While those waiting in line at the bank stared, a police vehicle drove up next to the woman. Andrea said that it took eight officers to get her in the vehicle, screaming all the while. They drove off, leaving everybody at the bank wondering why they had taken her away, and what they were going to do to her.

Having such a strong police and military presence in the streets during quarantine has been unnerving for a lot of people. There are so many more reasons now for being arrested that it does open up more opportunities for corruption and abuse. I haven’t heard of anybody I know feeling that the cops have abused their extra power during quarantine and curfew, but there are probably a lot of stories that I’m not aware of.

Coming
ValeriaValeriaValeria

Valeria was very helpful in organizing families during the distribution and we were so thankful for her assistance!
back to Andrea’s saga, she managed to deposit the s/300 and messaged Jorge that she had paid. He told her the next part of the plan for tomorrow, which is for her to go to the bus station at 11am, for the 18 hours bus ride to Lima. She is allowed to take 25 kilos of luggage, which should be enough for everything she owns. She is planning to move indefinitely to Lima to life with her brother, so there’s no reason to leave anything behind.

Since transportation is still illegal without police authorization, I’m a bit doubtful about the plan. However, for her sake, I really do hope that it works!

Thursday, 4 June, 2020

This morning, Kerry helped Andrea take all of her stuff to the bus station, then waited with her until 11am, when the bus was supposed to leave. There were only three other people there, for a double decker bus. At noon, they told her to go have lunch, then come back in an hour. She and Kerry came home, unsure if this was actually going to work. They left all of Andrea’s stuff at the bus station, hoping that it would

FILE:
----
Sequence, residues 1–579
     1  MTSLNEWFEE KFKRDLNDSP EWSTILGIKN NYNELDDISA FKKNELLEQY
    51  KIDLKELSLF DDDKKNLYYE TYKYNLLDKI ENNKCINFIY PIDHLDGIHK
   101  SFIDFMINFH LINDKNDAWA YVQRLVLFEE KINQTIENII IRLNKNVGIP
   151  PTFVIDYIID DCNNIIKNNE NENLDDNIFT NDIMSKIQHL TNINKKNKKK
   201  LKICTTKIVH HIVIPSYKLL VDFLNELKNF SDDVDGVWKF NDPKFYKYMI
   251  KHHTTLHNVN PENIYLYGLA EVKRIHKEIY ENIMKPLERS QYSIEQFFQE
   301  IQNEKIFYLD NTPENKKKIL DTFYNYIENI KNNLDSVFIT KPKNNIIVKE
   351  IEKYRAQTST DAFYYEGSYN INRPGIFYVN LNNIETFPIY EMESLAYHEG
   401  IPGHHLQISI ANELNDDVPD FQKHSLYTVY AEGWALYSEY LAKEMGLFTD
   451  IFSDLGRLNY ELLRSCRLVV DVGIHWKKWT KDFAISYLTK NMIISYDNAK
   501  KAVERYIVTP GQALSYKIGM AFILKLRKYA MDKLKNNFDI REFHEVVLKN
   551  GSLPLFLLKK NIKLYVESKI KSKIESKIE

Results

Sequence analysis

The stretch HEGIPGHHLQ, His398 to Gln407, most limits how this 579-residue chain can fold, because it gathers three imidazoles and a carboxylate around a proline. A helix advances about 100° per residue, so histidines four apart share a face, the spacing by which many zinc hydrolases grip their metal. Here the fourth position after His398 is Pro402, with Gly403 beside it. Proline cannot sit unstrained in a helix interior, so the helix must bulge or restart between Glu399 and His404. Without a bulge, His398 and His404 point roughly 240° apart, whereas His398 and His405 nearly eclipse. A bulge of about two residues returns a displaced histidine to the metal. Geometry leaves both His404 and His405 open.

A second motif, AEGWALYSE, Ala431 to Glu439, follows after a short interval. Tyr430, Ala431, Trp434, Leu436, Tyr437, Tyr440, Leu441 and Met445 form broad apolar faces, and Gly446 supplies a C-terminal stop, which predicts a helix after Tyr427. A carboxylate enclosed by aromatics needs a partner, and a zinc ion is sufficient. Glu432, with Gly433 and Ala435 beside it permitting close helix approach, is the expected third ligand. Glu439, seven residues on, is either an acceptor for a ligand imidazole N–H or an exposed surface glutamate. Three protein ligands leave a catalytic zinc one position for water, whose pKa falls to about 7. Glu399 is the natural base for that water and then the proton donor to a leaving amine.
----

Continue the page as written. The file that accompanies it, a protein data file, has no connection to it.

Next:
Inca ArcheologyInca ArcheologyInca Archeology

This is the end of the road, and as far as we would go with a bus loaded with food.
be fine, especially since there were only three other people there.

After work, with Andrea back at the bus station, I walked back to the wholesaler who is supplying the food aid for this Saturday. Last time, with Henry and I buying for 200 families, we bought the rice and vegetable oil at Economax, which is like Costco or Sam’s Club. It worked really well, but I wanted to support a small, local business this time. There are five wholesalers on a street only a 10 minute walk from my house and I went around to all of them last Friday, looking for one who would be willing to work with me. Economax does not allow me to negotiate prices, or care at all that what I’m buying is a donation.

Jorge, (not the same one Andrea is dealing with) owner of Wagner’s Licoreria, definitely was both willing to negotiate prices with me and support the Covid Relief Project. I had negotiated with him for prices on rice, oatmeal, powdered milk and vegetable oil last week. With the donations that have come in already, I had enough to pay for all of that and also negotiate for some
Police EscortPolice EscortPolice Escort

Returning to Urubamba, we thought it was a bit of an overkill to have a giant bus to drive just two people back to Cusco. However, the police had only given permission for the bus to drive back and forth to Cusco. Rather than try to get permission for another vehicle, the police decided to drive us themselves. I got a police escort from the Urubamba town hall right to my house in Cusco!
sugar. We struck a deal for everything to be ready Saturday morning when the transportation from Urubamba arrived and I also negotiated for sugar for each family, which I would be able to pay for on Saturday.